B.O.S.S. Eccentrically Erudite Exercise #24
. . . I must feel something, yes, I feel something, they say I feel something, I don’t know what it is, I don’t know what I feel, tell me what I feel and I’ll tell you who I am, they’ll tell me who I am, I won’t understand, but the thing will be said, they’ll have said who I am, and I’ll have heard, without an ear I’ll have heard, and I’ll have said it, without a mouth I’ll have said it, I’ll have said it inside me, then in the same breath outside me, perhaps that’s what I feel, an outside and an inside and me in the middle, perhaps that’s what I am, the thing that divides the world in two . . .
- Samuel Beckett - The Unnamable (1953)
For if we shall choose to bifurcate, to not go on, but also go on, to be two in one or at least one of the two—too much for some, to which some may say—all the while unpacking the puzzle of sanity and purpose while not necessarily guaranteeing a sane purpose, only then will our existence be or our being exist together, within:
Watt by Samuel Beckett
And reading Watt is going to be cool for the following reasons:
Samuel Beckett was intensely prolific, penning novels, short fiction, plays, poetry, letters—all in high quantity and quality—throughout his lifetime. Whatever we choose to read will barely scratch the surface! How can one really ever read it all? This dilemma, of course, fits well with the theme of confronting one’s own mortality that runs through much of his work.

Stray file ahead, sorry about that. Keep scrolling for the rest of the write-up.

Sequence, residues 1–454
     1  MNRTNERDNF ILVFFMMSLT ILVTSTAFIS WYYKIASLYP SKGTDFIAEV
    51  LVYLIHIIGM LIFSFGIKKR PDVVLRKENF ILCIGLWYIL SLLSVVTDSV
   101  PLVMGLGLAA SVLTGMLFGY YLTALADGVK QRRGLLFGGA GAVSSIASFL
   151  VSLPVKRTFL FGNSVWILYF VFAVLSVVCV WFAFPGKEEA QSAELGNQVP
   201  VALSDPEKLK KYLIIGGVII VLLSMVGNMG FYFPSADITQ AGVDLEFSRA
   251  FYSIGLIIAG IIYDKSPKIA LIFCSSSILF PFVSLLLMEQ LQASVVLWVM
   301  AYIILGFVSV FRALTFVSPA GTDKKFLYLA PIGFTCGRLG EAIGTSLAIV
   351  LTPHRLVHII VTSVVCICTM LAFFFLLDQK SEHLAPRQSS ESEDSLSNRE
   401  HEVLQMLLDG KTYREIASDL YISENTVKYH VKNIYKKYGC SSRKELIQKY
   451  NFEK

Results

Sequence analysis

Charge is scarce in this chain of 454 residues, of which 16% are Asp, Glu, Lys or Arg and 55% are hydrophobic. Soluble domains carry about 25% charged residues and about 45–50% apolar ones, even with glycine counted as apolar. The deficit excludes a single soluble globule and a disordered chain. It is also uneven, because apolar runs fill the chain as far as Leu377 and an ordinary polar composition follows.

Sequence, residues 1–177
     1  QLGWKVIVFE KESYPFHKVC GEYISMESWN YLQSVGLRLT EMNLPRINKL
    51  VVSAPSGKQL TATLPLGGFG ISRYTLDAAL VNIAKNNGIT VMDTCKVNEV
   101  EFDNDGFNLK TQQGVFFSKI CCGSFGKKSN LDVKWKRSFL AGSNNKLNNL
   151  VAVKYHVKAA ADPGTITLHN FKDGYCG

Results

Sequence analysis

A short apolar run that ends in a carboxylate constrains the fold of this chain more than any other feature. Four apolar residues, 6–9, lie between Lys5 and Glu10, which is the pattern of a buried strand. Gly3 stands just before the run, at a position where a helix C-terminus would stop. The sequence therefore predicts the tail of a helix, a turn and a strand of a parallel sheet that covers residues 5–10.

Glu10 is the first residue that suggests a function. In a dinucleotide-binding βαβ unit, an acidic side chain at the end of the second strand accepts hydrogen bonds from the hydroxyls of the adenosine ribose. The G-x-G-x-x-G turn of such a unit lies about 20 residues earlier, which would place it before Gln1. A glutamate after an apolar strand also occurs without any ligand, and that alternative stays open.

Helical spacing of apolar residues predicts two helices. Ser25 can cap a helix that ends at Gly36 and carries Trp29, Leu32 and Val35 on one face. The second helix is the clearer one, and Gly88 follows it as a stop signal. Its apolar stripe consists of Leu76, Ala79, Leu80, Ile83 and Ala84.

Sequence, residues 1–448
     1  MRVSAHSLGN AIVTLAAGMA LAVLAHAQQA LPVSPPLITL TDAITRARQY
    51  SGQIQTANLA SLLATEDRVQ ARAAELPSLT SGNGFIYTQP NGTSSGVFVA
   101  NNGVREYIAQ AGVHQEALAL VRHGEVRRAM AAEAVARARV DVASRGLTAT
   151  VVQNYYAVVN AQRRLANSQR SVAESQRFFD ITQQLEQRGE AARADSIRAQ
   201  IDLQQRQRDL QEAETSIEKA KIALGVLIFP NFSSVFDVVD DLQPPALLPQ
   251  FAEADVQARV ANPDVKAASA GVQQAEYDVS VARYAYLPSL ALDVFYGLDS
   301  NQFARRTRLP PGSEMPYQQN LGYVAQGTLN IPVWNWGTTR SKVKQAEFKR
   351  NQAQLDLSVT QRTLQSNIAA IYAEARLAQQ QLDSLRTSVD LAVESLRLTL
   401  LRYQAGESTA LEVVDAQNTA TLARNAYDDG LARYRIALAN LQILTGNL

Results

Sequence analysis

In addition to continually showcasing ways to laugh at the emptiness and absurdity of death and/or existence, the arc of Beckett’s work displays the author’s own personal development as an artist. Early works like Murphy (1938) were written in English and delivered quirky, scholastic humor steeped in philosophical introspection. After having relocated to Paris and transitioning to writing in the French language, Beckett moved deeper into the avant-garde — though it should be noted that his goal of writing in French was to avoid “style” altogether. His three novels of Molloy, Malone Dies, and The Unnamable — arguably the same novel, rewritten each time in increasingly expansive, noisy streams —are often regarded as his fiction masterworks.
Right on the cusp of this Beckett transition is his 1953 novel Watt, a highly metaphysical journey with philosophical and mathematical underpinnings. Dear reader, it has both fun and bleak, unanswerable questions. Beckett himself said that he wrote it merely as an exercise. Let the games begin!
Let’s shoot for a halfway meet-up around the end of August and a finale in late September.
Nick -B.O.S.S. Department of Unwinnable Existence
Post-script: If you are seeking some extra curriculars, grab a copy of Beckett’s Waiting for Godot, too. We’ll be doing a podcast on the play in August.
Post-post-script: Artwork for this round was created by B.O.S.S. mainstay and game designer Travis Schau and printed by Nathan Sharp.